Growth through third-party sales

The reason brands are clamoring to get their products off Amazon lies in the company’s third-party seller program. Presently, between 50 to 75% of the products sold on its website are not sold by Amazon. Rather, they are sold by an unbelievable number of third-party retailers (TPRs) who use the Amazon platform as a means of setting up online storefronts.iii

Notwithstanding the fact that few consumers have heard of the TPR program, it is shockingly large. Presently, over 2 million TPRs sell products on Amazon.com.iv Industry insiders report that nearly three thousand new TPRs join the program every single day.v And, perhaps most impressively, TPRs generated over $10 billion in sales for the mega-retailer in 2017 alone.vi

The question remains: if Amazon’s TPRs are so successful, why don’t brands simply encourage TPRs to sell their products on the site? The answer to that question begins with the second of the three Amazon goals outlined above – specifically, the company’s quest to sell products at lower prices than anyone else. That singular goal has spawned an unauthorized seller program that is doing more harm to brands than perhaps any other market force.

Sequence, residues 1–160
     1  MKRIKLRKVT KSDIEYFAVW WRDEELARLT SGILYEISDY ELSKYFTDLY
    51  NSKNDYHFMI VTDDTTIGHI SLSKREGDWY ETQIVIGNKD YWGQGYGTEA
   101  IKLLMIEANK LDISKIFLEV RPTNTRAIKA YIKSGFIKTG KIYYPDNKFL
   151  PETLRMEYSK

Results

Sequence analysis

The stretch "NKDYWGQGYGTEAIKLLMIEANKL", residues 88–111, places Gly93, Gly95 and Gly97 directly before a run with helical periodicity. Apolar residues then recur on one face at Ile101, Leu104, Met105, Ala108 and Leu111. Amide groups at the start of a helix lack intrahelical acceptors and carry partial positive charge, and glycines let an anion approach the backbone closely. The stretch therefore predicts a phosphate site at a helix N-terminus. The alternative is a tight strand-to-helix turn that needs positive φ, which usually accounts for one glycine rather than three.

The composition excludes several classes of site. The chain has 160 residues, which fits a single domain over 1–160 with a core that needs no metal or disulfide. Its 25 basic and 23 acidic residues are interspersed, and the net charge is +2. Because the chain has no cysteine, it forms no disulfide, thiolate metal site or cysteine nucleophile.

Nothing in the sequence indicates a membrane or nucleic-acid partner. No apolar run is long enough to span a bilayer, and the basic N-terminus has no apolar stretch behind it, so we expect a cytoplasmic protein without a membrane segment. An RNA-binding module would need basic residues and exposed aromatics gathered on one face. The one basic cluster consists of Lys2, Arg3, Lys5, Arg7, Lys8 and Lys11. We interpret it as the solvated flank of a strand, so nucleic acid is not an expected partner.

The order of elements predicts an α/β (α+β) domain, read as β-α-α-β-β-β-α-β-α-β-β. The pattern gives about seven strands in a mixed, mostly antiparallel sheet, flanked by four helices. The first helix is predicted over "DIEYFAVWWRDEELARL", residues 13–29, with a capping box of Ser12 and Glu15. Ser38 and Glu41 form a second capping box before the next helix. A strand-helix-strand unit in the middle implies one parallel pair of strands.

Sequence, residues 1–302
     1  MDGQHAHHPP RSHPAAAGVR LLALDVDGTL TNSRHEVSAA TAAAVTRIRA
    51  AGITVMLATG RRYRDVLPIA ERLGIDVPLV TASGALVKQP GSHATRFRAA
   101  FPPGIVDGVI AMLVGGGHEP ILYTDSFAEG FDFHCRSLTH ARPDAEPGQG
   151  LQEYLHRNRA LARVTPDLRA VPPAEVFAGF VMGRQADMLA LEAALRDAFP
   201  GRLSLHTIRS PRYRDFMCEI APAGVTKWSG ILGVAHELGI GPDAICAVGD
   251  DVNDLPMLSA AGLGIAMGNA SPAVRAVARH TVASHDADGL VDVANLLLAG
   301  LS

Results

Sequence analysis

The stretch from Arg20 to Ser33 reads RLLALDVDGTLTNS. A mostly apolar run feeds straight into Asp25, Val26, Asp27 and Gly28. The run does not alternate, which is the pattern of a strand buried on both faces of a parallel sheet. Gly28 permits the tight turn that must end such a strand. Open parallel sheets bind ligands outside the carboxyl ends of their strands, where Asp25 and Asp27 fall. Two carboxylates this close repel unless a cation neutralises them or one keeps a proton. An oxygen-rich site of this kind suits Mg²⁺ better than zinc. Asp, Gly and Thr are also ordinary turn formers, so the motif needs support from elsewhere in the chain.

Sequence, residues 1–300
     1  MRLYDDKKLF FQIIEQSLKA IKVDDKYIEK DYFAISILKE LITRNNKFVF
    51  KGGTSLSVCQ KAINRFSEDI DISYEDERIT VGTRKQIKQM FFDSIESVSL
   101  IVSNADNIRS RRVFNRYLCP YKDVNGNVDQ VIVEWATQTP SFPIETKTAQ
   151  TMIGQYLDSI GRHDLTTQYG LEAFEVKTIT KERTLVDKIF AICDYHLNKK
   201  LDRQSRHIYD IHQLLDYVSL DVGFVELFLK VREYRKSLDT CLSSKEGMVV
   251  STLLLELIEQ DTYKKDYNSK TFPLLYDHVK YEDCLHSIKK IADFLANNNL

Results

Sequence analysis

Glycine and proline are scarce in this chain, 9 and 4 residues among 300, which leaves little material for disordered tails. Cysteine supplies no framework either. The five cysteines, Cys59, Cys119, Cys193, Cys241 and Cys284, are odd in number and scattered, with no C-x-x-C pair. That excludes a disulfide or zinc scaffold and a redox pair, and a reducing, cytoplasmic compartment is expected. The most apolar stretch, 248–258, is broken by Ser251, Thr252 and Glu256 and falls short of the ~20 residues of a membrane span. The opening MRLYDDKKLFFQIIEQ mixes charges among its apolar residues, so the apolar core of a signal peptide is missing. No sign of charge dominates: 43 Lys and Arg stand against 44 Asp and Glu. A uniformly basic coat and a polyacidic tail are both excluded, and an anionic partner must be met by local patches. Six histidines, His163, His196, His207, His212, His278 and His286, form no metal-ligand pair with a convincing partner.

Authorized vs. unauthorized retailers

If pressed, most consumers probably could not describe the difference between authorized and unauthorized retailers. Those in manufacturing, however, know that these terms did not originate with E-Commerce. In fact, way before products were being sold on the internet, many brands were using authorized seller networks.

At their core, authorized networks function like this:(1) a brand grants chosen retailers the exclusive or semi-exclusive right to sell the brand’s products; and (2) in exchange for those rights, retailers agree to adhere to certain rules and conditions imposed by the brand. Perhaps the most important promise an authorized retailer can make is not to advertise the brand’s products below a minimum advertised price (“MAP”). Other promises might include things like storing products at a certain temperature or handling customer returns in a specified manner.

Before product sales online became so popular, these arrangements worked well. Unauthorized retailers almost never cropped up, mostly because of the overhead involved in creating a brick and mortar retail store. And, although counterfeiters certainly existed in those days, they mainly operated in flea markets and on popular street corners in big cities. If you bought a $10 Gucci purse from these guys, you probably knew that what you were buying was stolen or fake.